The War Zone

The War Zone

The War Zone is dark, bleak and profoundly painful to watch. How could a film focused honestly on the subject of incestuous parental abuse be otherwise? The War Zone is also one of the most beautifully made films of the year, nothing less than a triumphant directorial debut for actor Tim Roth, who gets every detail just right.

Based on a novel by Alexander Stuart, the film is told principally from the point of view of fifteen year old Tom, a quiet, brooding, acne-pocked adolescent played by Freddie Cunliffe with an understated intensity that grows more powerful as the film progresses towards a climax that has the inevitability of Greek tragedy.

Tom’s family has moved from London to Devon where they are isolated both socially and geographically. His older sister, Jessie (Lara Belmont), looks forward to her return to college in London with good reason – it will be her escape from a living hell that is only gradually disclosed during the film. Their mother, played by Tilda Swinton, is pregnant. Her baby girl is born in an overturned car – they have an accident while rushing her to the hospital, an accident from which the entire family miraculously survives.

On the surface, it seems a normal enough family. The father (Ray Winstone) is caring, solicitous; the mother is loving, if distracted by the new baby and unsuspicious of what is happening in her household. Detail by careful detail Roth gets underneath the surface appearances. The War Zone is novelistic in the way it builds understanding of the characters through an accumulation of observations and incident: Mum always with a glass of wine to hand, casual nudity amongst members of the family, Tom’s own budding sexuality, a visit to the beach by Jessie and Tom with a date Jessie has picked up in a local pub, a show of violent temper by the father.

Once Tom knows what is going on, and confronts Jessie with his knowledge, Roth shows the depth of pain and the psychological devastation that both teenagers suffer. Trapped in the position of dependent children within the family structure, they have no model for escape. The offense is so great, the taboo so strong, there is no place to turn. Jessie is reduced to self-inflicted pain – both to punish herself and to reignite feelings deadened by the overwhelming sorrow of powerlessness in the face of unspeakable victimization.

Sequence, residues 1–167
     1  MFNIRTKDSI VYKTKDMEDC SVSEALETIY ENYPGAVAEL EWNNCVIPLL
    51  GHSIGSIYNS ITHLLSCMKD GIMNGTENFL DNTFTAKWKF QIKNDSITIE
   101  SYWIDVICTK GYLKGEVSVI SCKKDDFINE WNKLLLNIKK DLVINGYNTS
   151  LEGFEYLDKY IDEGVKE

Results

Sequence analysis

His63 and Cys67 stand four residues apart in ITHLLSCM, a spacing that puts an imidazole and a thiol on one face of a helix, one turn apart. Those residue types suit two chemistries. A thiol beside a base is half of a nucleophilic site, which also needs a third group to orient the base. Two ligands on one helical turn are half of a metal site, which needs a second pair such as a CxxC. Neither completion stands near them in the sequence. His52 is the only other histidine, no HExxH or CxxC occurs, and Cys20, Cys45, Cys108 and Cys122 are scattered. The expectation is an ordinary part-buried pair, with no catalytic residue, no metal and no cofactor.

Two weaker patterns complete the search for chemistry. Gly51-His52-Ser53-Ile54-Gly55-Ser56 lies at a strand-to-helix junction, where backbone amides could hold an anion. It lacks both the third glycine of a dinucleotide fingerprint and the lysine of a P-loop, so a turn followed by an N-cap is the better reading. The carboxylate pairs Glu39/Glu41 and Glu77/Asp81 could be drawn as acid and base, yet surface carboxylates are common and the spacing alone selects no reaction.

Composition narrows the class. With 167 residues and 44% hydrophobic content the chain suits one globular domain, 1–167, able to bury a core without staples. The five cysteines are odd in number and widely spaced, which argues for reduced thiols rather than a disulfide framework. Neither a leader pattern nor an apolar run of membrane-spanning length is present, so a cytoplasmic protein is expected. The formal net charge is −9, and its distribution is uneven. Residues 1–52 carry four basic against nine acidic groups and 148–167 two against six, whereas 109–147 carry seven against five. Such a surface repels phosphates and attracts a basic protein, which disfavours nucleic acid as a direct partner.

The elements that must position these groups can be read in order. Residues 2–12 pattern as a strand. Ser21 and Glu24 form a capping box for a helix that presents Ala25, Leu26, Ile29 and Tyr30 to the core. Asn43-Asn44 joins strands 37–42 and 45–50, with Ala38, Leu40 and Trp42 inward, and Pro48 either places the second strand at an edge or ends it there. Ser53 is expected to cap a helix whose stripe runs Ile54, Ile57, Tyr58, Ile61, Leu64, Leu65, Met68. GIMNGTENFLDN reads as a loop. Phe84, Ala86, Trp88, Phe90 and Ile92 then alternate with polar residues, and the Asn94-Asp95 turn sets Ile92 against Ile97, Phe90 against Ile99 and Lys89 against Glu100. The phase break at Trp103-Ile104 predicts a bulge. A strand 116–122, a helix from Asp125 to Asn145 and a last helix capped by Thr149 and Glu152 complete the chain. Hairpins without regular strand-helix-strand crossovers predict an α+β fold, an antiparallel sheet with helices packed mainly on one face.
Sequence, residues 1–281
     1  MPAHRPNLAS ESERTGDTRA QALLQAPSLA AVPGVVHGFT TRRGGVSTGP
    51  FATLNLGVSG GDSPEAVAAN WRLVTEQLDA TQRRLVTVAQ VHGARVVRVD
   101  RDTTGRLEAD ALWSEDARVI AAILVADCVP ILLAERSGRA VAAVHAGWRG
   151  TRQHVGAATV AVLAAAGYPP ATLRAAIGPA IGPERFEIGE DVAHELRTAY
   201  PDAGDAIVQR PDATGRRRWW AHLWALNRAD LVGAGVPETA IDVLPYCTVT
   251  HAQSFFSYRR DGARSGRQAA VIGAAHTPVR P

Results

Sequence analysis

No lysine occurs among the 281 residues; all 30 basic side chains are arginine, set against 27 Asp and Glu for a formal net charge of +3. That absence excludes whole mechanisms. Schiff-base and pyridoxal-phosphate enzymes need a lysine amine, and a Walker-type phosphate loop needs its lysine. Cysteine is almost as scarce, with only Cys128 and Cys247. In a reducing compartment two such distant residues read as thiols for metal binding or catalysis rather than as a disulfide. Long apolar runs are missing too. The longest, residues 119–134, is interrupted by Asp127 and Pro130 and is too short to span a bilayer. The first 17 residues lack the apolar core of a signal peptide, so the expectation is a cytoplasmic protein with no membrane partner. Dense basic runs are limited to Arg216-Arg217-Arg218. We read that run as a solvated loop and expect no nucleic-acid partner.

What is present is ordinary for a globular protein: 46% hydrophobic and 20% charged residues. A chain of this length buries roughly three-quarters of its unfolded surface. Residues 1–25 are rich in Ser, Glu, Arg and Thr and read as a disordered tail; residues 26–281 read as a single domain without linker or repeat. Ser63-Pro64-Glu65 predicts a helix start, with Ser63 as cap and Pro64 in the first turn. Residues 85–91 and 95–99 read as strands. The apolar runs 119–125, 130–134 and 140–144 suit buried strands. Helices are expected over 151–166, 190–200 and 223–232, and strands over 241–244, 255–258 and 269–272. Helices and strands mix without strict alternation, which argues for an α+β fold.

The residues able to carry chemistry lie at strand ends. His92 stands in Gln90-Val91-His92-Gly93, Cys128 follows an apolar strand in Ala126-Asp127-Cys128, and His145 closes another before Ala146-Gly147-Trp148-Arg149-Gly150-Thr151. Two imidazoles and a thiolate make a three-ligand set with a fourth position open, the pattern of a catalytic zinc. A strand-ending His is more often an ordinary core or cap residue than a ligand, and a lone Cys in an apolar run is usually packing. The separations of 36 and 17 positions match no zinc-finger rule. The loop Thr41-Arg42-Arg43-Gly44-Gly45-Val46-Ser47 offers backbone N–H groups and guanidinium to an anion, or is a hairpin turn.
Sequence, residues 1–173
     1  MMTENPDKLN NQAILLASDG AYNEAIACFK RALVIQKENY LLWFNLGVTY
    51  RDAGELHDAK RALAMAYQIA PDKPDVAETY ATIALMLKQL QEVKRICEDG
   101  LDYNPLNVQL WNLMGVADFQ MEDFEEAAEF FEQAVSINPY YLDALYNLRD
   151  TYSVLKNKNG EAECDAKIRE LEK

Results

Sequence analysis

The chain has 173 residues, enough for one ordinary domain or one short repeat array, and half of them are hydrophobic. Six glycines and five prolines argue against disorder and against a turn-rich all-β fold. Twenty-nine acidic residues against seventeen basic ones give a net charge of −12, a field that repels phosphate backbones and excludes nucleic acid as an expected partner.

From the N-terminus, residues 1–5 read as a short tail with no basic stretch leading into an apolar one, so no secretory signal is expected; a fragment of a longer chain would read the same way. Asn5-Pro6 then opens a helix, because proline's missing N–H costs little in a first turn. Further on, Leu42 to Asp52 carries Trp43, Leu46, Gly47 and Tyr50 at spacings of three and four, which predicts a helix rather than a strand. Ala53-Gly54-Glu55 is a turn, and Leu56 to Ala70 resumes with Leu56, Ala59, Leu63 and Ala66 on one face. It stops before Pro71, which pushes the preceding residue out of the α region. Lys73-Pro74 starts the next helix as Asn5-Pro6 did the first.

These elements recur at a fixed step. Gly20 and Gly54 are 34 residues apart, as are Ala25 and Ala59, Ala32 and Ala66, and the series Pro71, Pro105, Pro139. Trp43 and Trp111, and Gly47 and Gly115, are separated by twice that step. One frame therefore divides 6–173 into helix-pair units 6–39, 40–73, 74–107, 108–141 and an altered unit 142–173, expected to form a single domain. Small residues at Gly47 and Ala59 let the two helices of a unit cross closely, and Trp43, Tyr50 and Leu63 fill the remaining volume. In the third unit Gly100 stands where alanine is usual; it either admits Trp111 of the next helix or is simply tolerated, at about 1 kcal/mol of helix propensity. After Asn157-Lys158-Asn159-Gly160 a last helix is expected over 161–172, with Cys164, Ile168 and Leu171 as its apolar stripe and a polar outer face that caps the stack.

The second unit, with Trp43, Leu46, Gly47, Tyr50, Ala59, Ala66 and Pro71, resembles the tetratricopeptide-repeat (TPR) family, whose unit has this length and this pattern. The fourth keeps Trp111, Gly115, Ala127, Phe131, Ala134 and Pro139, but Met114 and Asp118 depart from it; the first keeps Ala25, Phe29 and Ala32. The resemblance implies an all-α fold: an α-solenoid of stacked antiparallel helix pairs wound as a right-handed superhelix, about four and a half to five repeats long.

Roth permits pauses in conversations, silences between words. He remains for just the right amount of extended time after the action of a scene finishes and before moving on to the next. It is storytelling that respects the viewer, that allows an observation to sink in without rushing on, but without lingering into artiness, either. He draws acutely believable performances from his four talented principals – two veterans, two newcomers.

The lush cinematography by Seamus McGarvey (also memorable in Alan Rickman’s underrated The Winter Guest) captures landscapes of the rainy, windblown coast of Devon, sensuously saturated with dark blues and greens and greys. Long threads of white road run over the hillsides near the sea; the ruggedness of the coast and the family home starkly white against the surrounding darkness all enhance a palpable sense of isolation. And the concrete bunker perched on a seaside cliff is at ground zero of a war zone for Jessie and Tom, both of them as scarred and full of pain from the battles within as were the mutilated veterans of the conflict that left this structure in its wake.

Arthur Lazere


San Francisco ,
Mr. Lazere founded in 1998 and worked tirelessly to promote its potential as a means for communicating a distinctly personal yet wide-ranging selection of arts reviews. Under his leadership, the site grew in esteem as well as in “circulation", and is well-regarded nationally and internationally as a source for up-to-date, well-written criticism. Arthur passed away on September 30, 2006.